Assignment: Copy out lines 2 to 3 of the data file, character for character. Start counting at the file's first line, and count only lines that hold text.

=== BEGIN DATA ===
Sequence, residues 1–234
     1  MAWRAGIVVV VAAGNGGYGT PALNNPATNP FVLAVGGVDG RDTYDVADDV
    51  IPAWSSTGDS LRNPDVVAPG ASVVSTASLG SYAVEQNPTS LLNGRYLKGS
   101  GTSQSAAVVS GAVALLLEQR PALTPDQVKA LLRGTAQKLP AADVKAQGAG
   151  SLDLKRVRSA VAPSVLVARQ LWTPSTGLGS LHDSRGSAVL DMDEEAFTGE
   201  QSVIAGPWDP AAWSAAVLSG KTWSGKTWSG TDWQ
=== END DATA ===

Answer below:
     1  MAWRAGIVVV VAAGNGGYGT PALNNPATNP FVLAVGGVDG RDTYDVADDV
    51  IPAWSSTGDS LRNPDVVAPG ASVVSTASLG SYAVEQNPTS LLNGRYLKGS